Major League Baseball chief operating officer Rob Manfred is on the witness list for Alex Rodriguez's appeal of his 211-game suspension in the Biogenesis probe, a person familiar with the process said Wednesday.
Manfred is the league's representative on the three-person panel overseeing the arbitration process, but he has no say in the final decision made by chief arbitrator Fredric Horowitz, who can uphold the suspension, overturn it or reduce it. David Prouty of the Major League Baseball Players Association is the third member of the panel.
Manfred and Prouty have largely symbolic votes in the process.
Rodriguez's hearing resumed yesterday at the league offices in Manhattan. He appeared at the sixth day of hearings and left without comment. His personal attorney, Joe Tacopina, also refused comment. The hearing continues Thursday.
Rodriguez was suspended on Aug. 5 for his alleged connection to the now-closed anti-aging clinic in Miami. Rodriguez appealed the suspension and finished the season playing for the Yankees.
Rodriguez's attorneys are likely to challenge Manfred's appearance, though a source said Manfred has been on the witness list for some time. Manfred's testimony is considered key in MLB's contention that Biogenesis founder Anthony Bosch was not paid for his testimony. Manfred, who is second to commissioner Bud Selig, led MLB's investigation into Biogenesis.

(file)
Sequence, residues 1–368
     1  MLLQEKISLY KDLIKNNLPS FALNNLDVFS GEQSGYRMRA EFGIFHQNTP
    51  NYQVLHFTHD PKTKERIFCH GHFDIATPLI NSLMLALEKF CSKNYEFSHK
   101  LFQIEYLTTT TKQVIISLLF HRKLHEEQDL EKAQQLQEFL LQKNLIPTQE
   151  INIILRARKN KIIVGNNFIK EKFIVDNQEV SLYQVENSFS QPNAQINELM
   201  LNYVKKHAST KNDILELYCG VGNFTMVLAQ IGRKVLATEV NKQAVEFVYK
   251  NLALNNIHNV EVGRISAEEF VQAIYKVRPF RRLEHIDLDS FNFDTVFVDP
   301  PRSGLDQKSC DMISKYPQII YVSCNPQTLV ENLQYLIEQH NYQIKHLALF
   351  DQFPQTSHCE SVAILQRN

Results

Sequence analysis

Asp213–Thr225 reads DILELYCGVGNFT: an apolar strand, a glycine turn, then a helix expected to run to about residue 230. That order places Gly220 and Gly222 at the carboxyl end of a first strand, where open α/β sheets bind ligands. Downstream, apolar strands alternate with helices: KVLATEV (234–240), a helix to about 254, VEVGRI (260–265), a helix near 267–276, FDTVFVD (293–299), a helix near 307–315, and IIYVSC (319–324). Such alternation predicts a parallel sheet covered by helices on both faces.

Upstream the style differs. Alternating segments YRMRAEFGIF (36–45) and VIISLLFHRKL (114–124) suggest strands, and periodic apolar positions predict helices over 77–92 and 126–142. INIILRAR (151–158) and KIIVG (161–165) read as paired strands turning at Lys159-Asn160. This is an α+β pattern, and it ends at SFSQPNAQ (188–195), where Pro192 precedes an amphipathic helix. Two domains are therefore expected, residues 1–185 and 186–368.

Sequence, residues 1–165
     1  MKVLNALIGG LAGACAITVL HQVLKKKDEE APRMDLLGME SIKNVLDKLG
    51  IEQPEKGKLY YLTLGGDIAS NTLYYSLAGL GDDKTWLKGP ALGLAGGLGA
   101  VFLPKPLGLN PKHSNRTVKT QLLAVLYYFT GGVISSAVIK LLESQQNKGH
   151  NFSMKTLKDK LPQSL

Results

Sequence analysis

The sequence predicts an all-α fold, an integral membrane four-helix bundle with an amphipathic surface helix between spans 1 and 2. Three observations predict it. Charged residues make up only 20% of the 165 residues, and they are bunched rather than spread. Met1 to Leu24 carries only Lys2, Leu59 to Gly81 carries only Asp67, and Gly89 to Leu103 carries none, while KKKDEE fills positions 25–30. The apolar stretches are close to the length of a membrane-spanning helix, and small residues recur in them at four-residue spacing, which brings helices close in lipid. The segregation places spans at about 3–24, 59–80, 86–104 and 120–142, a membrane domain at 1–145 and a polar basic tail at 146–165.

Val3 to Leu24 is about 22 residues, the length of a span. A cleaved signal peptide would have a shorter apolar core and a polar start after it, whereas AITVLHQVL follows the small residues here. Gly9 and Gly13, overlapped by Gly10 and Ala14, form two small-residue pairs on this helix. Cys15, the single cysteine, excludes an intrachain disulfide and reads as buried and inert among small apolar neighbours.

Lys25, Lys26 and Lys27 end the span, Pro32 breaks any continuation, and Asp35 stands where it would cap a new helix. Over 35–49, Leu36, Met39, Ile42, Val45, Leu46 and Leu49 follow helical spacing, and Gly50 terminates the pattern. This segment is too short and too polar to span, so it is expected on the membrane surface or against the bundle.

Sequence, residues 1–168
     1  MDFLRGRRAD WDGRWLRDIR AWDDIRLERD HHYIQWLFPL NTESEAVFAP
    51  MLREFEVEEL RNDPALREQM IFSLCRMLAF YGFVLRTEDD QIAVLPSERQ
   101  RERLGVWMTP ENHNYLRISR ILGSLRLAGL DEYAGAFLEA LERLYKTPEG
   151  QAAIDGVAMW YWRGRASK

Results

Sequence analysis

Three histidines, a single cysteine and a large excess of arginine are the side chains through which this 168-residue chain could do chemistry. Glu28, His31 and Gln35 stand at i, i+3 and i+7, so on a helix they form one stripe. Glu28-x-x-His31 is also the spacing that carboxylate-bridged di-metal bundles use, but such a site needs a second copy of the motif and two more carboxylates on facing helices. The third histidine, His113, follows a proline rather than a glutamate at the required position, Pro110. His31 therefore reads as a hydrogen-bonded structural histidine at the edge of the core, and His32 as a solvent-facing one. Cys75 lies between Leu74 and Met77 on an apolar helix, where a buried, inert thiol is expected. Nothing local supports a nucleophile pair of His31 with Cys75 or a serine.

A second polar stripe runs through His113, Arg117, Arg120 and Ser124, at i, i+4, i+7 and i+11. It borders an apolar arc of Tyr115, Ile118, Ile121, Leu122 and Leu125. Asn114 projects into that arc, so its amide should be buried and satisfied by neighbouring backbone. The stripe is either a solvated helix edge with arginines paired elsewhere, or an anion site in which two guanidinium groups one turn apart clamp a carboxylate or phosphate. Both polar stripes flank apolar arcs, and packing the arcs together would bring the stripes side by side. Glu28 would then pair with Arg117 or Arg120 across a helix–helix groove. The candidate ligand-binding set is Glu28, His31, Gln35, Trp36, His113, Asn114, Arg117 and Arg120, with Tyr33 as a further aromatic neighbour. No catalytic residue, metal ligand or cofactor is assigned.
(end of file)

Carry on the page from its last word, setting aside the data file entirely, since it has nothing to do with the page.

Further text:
George Nicolau, a former chief arbitrator, said panel members, who assist the arbitrator in procedural issues and matters related to their respective parties, have testified before. "Not just before me, but before other arbitrators," he said. Nicolau said it would be up to Horowitz to determine the scope of Manfred's testimony. The sworn testimony given in arbitration hearings could be requested in later court proceedings. "If it's a matter of contesting the , the entire record would go before the judge."
While baseball arbitration is considered an informal process, legal experts view the potential testimony by Manfred as unusual. "Rules of evidence would prohibit a hearing officer from testifying at his own hearing," New Jersey attorney John Furlong said. "If he does testify, it speaks volumes to the lack of adherence to a semblance of evidence protocol." Manhattan attorney Stephan Kallas added, "I would think down the road if Alex Rodriguez decides to bring the arbitration decision to a federal judge that it's possible that a judge would frown upon this method of arbitration."